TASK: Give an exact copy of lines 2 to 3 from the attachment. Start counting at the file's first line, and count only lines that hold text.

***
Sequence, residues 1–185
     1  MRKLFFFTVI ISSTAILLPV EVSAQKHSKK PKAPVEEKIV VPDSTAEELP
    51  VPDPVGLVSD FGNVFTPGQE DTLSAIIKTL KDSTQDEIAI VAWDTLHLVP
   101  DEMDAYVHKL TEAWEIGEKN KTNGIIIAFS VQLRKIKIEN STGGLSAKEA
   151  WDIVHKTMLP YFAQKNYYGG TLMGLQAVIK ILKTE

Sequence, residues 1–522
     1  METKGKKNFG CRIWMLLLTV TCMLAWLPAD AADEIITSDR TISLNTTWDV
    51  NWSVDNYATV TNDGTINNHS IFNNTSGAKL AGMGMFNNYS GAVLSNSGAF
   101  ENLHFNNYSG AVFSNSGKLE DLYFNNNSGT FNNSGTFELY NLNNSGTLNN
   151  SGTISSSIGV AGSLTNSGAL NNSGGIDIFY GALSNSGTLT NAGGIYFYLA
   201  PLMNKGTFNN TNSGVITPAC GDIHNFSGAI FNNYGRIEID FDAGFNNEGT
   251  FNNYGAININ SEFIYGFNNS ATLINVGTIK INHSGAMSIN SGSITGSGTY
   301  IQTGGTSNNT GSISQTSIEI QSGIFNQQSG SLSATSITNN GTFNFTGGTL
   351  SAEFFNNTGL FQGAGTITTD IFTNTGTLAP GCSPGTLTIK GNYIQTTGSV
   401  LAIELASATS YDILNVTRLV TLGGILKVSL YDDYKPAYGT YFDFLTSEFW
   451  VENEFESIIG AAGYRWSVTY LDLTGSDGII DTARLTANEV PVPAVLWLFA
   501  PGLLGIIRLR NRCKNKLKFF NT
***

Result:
     1  MRKLFFFTVI ISSTAILLPV EVSAQKHSKK PKAPVEEKIV VPDSTAEELP
    51  VPDPVGLVSD FGNVFTPGQE DTLSAIIKTL KDSTQDEIAI VAWDTLHLVP